Germany Plans Law Allowing Circumcision

Measure Would Permit Rite for Jews and Muslims

By JTA

Published September 27, 2012.

Germany’s Justice Ministry proposed to amend a law on the circumcison of male children to safeguard the rights of Jews and Muslims to perform the ritual.

The amendment, which aims to cement religious rights while responding to critics of the practice, would allow ritual circumcision only with parental consent and performed by a practitioner according to medical standards, and only with the strongest degree of anesthetic medically allowable given the child’s age.

While Jews circumcise healthy infant boys on the eighth day, Muslims often perform the procedure on older children.

Justice Minister Sabine Leutheusser-Schnarrenberger composed the text. If approved by the parliament, a paragraph would be added to the law code on the rights of children.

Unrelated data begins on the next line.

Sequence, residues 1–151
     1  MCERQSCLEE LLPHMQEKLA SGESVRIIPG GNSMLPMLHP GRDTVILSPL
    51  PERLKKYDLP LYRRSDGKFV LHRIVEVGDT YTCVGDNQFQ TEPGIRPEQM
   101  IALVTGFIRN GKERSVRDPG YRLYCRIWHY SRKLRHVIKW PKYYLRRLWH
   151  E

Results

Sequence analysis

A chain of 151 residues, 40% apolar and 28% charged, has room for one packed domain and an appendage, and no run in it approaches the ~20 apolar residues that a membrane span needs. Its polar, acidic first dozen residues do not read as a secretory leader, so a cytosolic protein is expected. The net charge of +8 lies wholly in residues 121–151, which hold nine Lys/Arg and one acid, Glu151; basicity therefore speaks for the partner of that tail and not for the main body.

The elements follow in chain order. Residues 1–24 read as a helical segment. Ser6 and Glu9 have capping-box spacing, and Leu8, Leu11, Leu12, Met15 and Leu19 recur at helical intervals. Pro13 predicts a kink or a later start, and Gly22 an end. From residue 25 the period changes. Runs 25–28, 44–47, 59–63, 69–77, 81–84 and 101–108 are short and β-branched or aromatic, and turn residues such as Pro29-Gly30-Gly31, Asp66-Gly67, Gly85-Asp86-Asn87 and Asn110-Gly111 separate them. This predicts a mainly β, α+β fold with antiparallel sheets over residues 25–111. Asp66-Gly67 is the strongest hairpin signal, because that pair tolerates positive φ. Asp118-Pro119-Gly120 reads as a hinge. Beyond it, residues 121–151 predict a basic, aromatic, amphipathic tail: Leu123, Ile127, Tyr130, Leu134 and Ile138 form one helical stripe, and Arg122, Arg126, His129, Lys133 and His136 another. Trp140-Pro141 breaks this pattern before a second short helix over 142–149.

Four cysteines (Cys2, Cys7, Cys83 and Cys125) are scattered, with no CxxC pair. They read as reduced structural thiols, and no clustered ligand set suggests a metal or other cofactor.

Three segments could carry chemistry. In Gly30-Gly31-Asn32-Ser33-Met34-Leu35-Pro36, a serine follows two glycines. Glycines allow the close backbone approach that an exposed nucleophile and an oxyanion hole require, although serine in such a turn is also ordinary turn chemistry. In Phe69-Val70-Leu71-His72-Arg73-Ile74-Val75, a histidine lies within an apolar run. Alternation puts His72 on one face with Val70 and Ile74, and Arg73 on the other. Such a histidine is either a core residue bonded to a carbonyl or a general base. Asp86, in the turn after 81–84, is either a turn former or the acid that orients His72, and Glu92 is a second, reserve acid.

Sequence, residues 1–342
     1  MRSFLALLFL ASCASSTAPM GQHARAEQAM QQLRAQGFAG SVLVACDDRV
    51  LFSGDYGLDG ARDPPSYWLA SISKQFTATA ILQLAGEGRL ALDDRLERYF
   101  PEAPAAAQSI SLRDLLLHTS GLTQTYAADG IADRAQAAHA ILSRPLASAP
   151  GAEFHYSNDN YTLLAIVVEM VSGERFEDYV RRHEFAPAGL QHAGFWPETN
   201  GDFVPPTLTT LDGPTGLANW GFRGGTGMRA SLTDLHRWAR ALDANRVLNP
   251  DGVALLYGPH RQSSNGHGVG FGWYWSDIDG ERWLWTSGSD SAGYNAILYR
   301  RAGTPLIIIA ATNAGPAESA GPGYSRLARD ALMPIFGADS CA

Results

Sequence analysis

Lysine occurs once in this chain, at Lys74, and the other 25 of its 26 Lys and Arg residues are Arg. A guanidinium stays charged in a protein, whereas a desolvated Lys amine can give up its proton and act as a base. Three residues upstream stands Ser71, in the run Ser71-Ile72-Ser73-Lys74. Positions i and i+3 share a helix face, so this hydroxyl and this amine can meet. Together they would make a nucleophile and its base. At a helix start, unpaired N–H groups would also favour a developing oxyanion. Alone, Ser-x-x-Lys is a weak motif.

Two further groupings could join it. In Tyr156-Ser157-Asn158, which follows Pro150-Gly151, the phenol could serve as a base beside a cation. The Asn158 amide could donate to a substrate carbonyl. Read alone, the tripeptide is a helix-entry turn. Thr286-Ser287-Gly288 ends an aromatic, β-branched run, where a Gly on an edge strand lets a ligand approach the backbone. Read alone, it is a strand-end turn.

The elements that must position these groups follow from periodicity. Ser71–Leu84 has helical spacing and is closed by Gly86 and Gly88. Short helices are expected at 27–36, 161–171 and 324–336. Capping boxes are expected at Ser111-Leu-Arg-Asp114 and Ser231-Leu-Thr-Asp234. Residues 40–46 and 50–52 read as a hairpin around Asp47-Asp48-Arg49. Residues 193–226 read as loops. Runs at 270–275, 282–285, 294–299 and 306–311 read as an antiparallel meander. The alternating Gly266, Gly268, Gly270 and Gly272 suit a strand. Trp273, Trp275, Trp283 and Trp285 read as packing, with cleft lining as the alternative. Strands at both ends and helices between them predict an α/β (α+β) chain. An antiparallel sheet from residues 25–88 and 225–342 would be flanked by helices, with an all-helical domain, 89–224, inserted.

According to the law on “the circumcision of male children,” it would remain a commission of “bodily injury” but would not be punishable as long as parents followed the law’s requirements, according to the Suddeutsche Zeitung national daily newspaper.

The Central Council of Jews in Germany has not responded officially to the proposal. The deputy head of the Association of Turks in Germany greeted the proposal positively, the German news agency DPA reported.

The new proposal follows months of debate sparked by a controversial ruling issued last May by Cologne District Court that criminalized non-medical circumcisions of minors. Jewish and Muslim groups in a rare show of solidarity demonstrated together recently in Berlin against what both groups see as an attempt to curtail religious freedom.

Representatives of the Green Party, the Social Democrats and the Left Party already have protested the new proposal, according to DPA, calling it “alarming” that the protection of a child from bodily harm seems to have taken secondary importance.



Would you like to receive updates about new stories?






















We will not share your e-mail address or other personal information.

Already subscribed? Manage your subscription.